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|Title:||Pro-oxidant : antioxidant balance in health and disease and the role of uric acid in antioxidant defence : analytical and clinical aspects|
|subject:||Oxidizing agents -- Health aspects;Antioxidants -- Health aspects;Uric acid -- Health aspects;Dissertations|
|Publisher:||The Hong Kong Polytechnic University|
|Description:||xxi, 277 leaves : ill. ; 30 cm.|
PolyU Library Call No.: [THS] LG51 .H577P NHS 1999 Chung
The human body contains pro-oxidants and antioxidants work against these pro-oxidants. A balance between pro-oxidants and antioxidants is essential to determine the body status in terms of health and disease. Uric acid (or urate) has antioxidant properties in in vitro test systems, but may act in vivo as a pro-oxidant, depleting other antioxidants and increasing risk of disease. Allantoin is the product of non-enzymatic oxidation of urate, and measuring allantoin, or allantoin:urate ratio, may help assess in vivo pro-oxidant : antioxidant balance. The aims of this study were to develop, modify or evaluate tests of oxidant : antioxidant balance and to use these tests to assess and compare this balance in health and disease, make recommendation regarding the effect of anticoagulant used, storage condition on plasma for selected tests. In addition, the role of urate in antioxidant defence was explored. Laboratory techniques used in the study involved the FRAP/FRASC (ferric reducing antioxidant power /ascorbate) assay for total antioxidant power of plasma/ascorbate, the PeroXOquant and TBARSsf (thiobarbituric acid reacting substances measured by synchronous fluorimetry) tests for lipid peroxidation in plasma, HPLC-UV (high-performance liquid chromatography with ultraviolet detection) for plasma allantoin and urate, enzymatic method for urate in plasma and in urine, HPLC-UV for α-tocopherol, flow cytometry for membrane peroxidation in red blood cells (RBCs), comet assay for DMA damage of lymphocytes and other biochemical tests such as the assay for creatinine.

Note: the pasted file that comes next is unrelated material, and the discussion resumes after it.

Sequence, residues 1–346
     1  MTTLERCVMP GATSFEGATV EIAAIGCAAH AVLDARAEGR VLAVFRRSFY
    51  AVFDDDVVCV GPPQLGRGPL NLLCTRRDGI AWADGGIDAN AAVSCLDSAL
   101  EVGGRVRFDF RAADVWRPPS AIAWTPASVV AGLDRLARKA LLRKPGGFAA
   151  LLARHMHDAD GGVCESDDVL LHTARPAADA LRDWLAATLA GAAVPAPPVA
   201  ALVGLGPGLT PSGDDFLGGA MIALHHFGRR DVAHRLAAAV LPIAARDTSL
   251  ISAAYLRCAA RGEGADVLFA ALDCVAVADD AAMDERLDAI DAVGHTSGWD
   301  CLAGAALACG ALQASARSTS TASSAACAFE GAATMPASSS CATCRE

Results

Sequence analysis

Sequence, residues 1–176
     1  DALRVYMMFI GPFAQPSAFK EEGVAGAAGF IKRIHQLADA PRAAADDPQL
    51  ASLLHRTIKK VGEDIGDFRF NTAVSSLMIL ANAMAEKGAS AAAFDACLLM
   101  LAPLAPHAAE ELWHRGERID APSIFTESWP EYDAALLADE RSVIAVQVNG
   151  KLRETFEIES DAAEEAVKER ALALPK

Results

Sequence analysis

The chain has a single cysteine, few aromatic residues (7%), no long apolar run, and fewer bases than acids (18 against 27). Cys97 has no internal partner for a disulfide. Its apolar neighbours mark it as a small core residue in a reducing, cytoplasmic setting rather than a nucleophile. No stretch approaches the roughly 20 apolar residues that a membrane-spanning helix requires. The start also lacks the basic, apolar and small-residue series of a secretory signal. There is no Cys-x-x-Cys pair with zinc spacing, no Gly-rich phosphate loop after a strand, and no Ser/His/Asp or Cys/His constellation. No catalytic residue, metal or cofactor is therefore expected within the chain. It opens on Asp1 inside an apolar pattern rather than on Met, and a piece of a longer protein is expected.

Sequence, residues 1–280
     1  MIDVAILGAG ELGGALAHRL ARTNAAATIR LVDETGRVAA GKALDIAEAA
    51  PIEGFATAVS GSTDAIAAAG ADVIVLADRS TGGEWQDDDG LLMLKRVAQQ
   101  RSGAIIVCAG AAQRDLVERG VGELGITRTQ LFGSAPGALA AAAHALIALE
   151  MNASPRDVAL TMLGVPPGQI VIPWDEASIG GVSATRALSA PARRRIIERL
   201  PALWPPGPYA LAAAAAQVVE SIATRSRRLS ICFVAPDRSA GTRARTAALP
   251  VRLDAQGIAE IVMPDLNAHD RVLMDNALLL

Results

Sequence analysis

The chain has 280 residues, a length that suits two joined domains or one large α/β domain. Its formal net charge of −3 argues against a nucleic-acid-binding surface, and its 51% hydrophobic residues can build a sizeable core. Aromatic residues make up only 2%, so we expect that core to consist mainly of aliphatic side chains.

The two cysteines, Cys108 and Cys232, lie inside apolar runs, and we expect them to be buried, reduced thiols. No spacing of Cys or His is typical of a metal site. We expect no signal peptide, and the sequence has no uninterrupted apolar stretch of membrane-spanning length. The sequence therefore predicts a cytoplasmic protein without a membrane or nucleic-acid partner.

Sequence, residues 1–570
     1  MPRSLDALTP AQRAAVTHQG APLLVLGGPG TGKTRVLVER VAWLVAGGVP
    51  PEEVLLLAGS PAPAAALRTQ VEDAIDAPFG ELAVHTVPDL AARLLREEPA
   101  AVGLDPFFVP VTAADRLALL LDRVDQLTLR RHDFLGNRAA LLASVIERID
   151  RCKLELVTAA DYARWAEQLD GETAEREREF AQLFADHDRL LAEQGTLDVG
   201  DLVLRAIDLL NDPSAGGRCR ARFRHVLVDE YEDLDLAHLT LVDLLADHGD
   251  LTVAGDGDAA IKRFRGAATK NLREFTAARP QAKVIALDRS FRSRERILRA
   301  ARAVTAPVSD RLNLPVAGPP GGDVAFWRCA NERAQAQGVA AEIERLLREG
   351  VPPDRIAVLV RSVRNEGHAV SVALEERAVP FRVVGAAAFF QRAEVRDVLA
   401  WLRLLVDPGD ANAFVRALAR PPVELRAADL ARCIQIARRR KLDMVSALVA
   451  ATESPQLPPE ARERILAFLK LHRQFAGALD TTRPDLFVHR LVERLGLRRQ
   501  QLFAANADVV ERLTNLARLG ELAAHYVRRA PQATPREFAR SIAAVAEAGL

Results indicate that ascorbate shows constant antioxidant efficiency in plasma, is less stable in plasma than in pure water, and higher temperature will increase the rate of degradation. Ascorbate is also less stable in EDTA than in heparinised plasma. Plasma total antioxidant power, measured by the FRAP assay, is greater in men than in women. Of the several tests modified and evaluated in this study, the PeroXOquant assay was found unreliable. Both ascorbate and α-tocopherol showed protection against membrane peroxidation of RBCs induced by cumene hydroperoxide (CumOOH). Apart from the antioxidative function, ascorbate and α-tocopherol also exhibited pro-oxidative property in the study of DNA damage initiated by hydrogen peroxide (H₂O₂). With specific reference to urate, this was found to protect against DNA damage initiated by H₂O₂and CumOOH-mediated lipid peroxidation on RBC membranes. Excretion of urate in healthy subjects was not to change significantly over the day. Plasma allantoin was higher in subjects with diabetes mellitus or rheumatoid arthritis, supporting its use as an index of oxidative stress. In conclusion, measurement of ascorbate or total antioxidant power of body fluids should be performed as soon as possible after sampling (stored in ice-water or at 4° C) and heparin should be the anticoagulant of choice. All the in vitro findings of urate support its role as an important antioxidant in antioxidant defence, but further work is recommended with regard to the oxidation products of urate.
Ph.D., Dept. of Nursing and Health Sciences, The Hong Kong Polytechnic University, 1999
|Appears in Collections:||Nursing|
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